Serum metal ion levels after rotating-hinge knee arthroplasty: comparison between a standard device and a megaprosthesis
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The effects of systemic metal ion exposure in patients with implants made of common prosthetic alloys continue to be a matter of concern. The aim of the study was to determine the measurement values of cobalt (Co), chromium (Cr) and molybdenum (Mo) in serum following rotating-hinge knee arthroplasty.
Blood was taken from 25 patients [mean follow-up 35 (range nine to 67) months] treated with megaprostheses (n=17) or standard rotating-hinge devices (n=8) and analysed using electrothermal graphite furnace atomic absorption spectrometry (ET-ASS).
Determining the concentrations of metal ions following rotating-hinge knee arthroplasty revealed increments for Co and Cr but not Mo. Metal ion release was significantly higher in patients with megaprostheses compared to a standard rotating-hinge knee device (Co p=0,024; Cr p=0.025).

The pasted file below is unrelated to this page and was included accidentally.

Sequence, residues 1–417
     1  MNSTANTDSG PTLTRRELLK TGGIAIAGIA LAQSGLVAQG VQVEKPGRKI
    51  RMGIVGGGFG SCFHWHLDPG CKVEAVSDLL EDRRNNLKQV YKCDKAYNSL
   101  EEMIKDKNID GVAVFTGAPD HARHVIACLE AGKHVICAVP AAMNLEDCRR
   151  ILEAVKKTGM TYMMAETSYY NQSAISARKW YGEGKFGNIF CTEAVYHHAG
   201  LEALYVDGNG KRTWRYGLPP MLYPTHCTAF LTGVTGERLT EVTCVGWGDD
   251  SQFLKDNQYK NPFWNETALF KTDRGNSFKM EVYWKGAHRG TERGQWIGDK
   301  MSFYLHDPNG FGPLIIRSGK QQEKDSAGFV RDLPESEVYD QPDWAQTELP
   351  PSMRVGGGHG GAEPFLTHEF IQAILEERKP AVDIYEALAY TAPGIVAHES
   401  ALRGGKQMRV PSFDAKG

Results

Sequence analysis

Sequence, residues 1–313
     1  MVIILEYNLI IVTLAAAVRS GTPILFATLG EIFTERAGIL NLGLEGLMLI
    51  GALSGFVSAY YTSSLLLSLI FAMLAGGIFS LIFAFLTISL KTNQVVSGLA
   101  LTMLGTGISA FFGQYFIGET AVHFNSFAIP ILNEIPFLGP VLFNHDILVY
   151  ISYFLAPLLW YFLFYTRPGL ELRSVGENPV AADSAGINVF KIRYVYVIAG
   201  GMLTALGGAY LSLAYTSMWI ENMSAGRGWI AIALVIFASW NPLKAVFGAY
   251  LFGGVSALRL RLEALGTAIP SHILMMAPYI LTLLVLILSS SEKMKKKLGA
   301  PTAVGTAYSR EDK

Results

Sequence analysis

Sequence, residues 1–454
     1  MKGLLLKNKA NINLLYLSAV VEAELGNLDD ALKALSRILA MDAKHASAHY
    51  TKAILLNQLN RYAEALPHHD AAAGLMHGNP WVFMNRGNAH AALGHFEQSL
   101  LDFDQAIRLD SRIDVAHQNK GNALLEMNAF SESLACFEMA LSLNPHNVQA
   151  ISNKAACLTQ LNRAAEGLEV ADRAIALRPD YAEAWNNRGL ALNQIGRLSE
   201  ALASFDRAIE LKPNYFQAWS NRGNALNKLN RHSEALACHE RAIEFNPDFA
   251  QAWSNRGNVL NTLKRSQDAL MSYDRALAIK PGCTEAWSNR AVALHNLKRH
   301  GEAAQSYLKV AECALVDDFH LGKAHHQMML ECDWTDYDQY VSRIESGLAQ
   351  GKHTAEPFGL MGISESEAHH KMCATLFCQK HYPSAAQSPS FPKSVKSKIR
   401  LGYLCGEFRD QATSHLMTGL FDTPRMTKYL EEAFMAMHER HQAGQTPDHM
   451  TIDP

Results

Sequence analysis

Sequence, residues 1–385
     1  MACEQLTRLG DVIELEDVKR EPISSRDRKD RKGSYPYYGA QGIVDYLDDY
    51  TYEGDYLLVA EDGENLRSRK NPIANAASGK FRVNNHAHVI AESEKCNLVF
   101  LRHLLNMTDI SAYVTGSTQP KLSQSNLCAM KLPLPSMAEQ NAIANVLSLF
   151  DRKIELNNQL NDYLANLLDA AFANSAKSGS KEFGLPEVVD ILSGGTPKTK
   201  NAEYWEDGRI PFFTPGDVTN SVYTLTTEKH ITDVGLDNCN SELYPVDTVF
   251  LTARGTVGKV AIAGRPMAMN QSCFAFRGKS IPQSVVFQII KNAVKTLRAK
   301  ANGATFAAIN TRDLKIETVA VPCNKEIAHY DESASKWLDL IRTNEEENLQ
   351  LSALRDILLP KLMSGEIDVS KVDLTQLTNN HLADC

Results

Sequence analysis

The authors believe there might be an additional metal ion release from the surface of the prosthesis and not only from the articulating surfaces because, in cases of rotating-hinge knee prosthesis, there is a metal-on-polyethylene articulation and not a direct metal-on-metal junction. Nevertheless, long-term studies are required to determine adverse effects of Co, Cr and Mo following total hip replacement and total knee arthroplasty.
KeywordsTotal Knee Arthroplasty Graphite Furnace Atomic Absorption Spectrometry Total Disc Arthroplasty Total Femoral Replacement Determine Serum Concentration
Conflict of interest
The authors declare that they have no conflict of interest.
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